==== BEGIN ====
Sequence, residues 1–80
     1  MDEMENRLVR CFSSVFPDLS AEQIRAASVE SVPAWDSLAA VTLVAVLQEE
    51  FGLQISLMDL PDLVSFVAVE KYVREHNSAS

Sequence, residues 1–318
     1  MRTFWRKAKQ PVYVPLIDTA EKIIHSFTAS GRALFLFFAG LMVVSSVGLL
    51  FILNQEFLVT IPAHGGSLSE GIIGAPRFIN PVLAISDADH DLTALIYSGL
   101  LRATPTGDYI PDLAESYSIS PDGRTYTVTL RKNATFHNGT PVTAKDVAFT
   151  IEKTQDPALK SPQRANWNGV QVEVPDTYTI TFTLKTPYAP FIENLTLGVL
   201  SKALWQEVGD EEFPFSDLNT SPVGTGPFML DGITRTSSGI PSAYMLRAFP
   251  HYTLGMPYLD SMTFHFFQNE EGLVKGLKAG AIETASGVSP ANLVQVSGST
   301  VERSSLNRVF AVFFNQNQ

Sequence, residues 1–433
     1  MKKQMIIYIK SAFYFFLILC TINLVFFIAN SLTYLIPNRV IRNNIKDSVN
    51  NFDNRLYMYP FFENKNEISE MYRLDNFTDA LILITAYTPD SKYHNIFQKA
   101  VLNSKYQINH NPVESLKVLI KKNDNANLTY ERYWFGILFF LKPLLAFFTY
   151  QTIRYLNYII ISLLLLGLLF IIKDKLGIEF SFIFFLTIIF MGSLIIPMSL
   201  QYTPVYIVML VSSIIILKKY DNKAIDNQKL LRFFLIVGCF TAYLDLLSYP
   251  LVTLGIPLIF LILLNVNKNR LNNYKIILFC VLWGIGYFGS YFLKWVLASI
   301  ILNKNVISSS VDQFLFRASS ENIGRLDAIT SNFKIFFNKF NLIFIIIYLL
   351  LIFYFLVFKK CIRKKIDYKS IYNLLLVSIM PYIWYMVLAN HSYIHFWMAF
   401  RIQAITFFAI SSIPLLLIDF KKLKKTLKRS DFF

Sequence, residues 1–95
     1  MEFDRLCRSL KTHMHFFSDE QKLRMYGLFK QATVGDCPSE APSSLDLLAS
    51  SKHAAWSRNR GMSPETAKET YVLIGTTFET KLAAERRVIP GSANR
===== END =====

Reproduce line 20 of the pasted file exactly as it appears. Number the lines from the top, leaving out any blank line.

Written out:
   351  LIFYFLVFKK CIRKKIDYKS IYNLLLVSIM PYIWYMVLAN HSYIHFWMAF